Open source, closed source, and the value of code

Richard Gaskin ambassador at fourthworld.com
Tue Mar 1 18:50:51 EST 2016


Robert Mann wrote:

 > 1) my personal conclusion reading these is that the assumption you
 > make about stack files falling under GPL is.. questionable, but..
 > arguable, particularly if there are elements of interfaces buttons
 > so on that would link to the engine. And the more intricated these
 > become e.g. with widgets, the more linked this will be.
 >
 > But, if the stack file contains only code, I doubt that can fall
 > onto GPL. The language itself is not copyrightable so a piece of
 > code really is an "output" of an editor program and as such is not
 > covered by GPL so long I can read!
 >
 > Arguably, code dispersed in interface objects "sections" can also be
 > regarded as a kind of organization of code and thus treated as output
 > of the editor's program and thus not covered by the GPL.

A license is a way to express the wishes of a creator of an original 
work over how the work may be used and/or distributed.

The GPL is one embodiment people can choose to express a desire to share 
their work under the condition that works derived from it are shared 
similarly.

The intent is pretty straightforward, and can become complex only when 
one invests time seeking ways to comply only with the letter of the 
license while obviating the intentions of the creator of the work.

While possibly survivable in court depending on the specific 
circumstances, where the GPL has been tested in court it has prevailed, 
and where it hasn't such pursuits are at best generally considered uncool.

When pondering edge cases not yet tested in court, my own personal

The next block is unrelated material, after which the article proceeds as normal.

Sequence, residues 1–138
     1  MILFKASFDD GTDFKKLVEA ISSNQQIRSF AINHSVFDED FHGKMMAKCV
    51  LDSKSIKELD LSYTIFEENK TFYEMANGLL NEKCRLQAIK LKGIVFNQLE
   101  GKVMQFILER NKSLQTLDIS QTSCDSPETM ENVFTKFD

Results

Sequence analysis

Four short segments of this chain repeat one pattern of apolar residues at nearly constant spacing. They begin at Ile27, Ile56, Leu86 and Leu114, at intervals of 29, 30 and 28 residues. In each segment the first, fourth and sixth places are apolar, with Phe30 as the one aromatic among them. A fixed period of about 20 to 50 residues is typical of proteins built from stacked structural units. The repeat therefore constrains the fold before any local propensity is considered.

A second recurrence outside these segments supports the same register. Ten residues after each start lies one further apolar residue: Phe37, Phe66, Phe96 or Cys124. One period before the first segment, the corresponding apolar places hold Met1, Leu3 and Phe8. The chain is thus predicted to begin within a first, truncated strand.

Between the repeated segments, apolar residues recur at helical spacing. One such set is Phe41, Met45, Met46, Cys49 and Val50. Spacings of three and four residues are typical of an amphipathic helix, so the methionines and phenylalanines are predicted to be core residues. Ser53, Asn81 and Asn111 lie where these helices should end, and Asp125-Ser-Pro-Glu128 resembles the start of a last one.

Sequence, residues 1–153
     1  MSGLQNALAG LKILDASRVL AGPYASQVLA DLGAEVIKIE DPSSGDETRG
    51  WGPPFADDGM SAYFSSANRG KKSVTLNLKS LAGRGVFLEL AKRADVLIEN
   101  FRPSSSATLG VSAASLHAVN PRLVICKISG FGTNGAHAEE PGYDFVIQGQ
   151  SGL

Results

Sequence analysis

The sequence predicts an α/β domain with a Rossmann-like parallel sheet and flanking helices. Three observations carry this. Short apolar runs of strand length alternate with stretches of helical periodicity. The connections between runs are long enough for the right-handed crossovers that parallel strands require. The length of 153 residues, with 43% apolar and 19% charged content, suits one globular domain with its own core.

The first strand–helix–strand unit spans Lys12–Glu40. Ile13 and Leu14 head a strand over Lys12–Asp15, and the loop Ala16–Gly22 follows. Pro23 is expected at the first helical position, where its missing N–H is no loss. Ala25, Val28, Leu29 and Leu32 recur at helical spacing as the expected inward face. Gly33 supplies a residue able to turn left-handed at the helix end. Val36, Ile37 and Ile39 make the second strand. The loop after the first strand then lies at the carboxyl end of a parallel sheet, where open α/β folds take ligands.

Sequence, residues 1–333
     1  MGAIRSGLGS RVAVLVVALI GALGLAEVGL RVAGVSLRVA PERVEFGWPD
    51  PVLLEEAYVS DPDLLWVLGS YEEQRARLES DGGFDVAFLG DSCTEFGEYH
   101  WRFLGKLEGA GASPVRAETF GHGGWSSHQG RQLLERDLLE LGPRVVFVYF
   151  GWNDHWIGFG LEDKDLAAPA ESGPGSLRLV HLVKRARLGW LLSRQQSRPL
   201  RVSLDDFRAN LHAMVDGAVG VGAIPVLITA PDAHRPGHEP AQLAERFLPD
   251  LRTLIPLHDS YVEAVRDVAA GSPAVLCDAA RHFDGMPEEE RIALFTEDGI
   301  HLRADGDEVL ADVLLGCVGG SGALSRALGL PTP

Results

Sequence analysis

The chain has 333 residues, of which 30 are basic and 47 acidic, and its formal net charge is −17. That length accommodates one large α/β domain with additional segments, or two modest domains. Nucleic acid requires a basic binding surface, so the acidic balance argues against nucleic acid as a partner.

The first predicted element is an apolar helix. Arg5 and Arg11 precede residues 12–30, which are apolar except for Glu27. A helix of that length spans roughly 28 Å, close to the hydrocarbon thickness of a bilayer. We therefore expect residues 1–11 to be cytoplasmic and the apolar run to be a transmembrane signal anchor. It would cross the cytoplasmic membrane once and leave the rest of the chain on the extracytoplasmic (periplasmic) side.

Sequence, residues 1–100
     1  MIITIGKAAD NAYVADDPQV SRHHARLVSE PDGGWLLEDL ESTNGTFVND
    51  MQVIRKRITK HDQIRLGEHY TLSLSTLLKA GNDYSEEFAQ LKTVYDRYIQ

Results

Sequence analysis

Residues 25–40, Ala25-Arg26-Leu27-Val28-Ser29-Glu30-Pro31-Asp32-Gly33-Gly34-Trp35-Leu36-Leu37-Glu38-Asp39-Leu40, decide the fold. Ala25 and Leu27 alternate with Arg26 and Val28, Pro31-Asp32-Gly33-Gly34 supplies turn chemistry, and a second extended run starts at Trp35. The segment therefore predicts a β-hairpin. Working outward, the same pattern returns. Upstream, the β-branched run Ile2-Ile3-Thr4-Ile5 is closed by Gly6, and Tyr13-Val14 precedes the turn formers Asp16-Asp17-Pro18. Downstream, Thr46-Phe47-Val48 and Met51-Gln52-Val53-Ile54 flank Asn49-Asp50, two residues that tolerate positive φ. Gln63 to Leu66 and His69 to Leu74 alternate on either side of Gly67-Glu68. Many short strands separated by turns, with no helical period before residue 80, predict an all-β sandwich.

decision is to err on the side of honoring the creator's intentions.

I wrote a note here a couple years ago about such an edge case with 
regard to the Joomla project, and if these sorts of things are of 
interest you may find the links included there useful, esp. the one for 
the Drupal project with regard to their interpretation of derivative works:
<http://lists.runrev.com/pipermail/use-livecode/2013-December/196463.html>


 > 2) are you saying do I rightly understand? that in order to be
 > published by apple a program has to be written FROM scratch up
 > in a commercial version???
 > So that one cannot start up to write code in OS version and later
 > switch to commercial????  Are there any.. markers in the code?

"Commercial" is not relevant here; the GPL expresses no opinion about 
cost.  The distinction is "proprietary", which may be non-commercial 
just as GPL-governed works may be sold.

As Mark Waddingham explained earlier, the issue with Apple's app store 
is that it limits the number of downloads of an app by an account, and 
in the view of the authors of the GPL this conflicts with the GPL's 
freedom granted to the user.

The code needs to be licenses in ways that do not include GPL-governed 
elements.  Whether sold or not sold as part of a commercial venture is 
not a part of this.

A license is a way to express the wishes of a creator of an original 
work over how the work may be used and/or distributed.

If you wish to apply a license to your media separate from your stack 
files, LiveCode provides many ways to do that and doing so may clarify 
the relationship between them.

The owners of the copyright here has expressed their intentions with the 
GPL unambiguously with regard to stacks.

What others choose to do is up to them. And no matter that I tend to 
interpret software licenses conservatively in accordance with 
commonly-acceepted conventions, I'm not an attorney and nothing I've 
written can be construed as legal advice.

For me life is much simpler:  when I want to share with downstream 
provisions for sharing I choose GPL, if not I choose something else.

This lets me spend more time on code.

-- 
  Richard Gaskin
  Fourth World Systems
  Software Design and Development for the Desktop, Mobile, and the Web
  ____________________________________________________________________
  Ambassador at FourthWorld.com                http://www.FourthWorld.com





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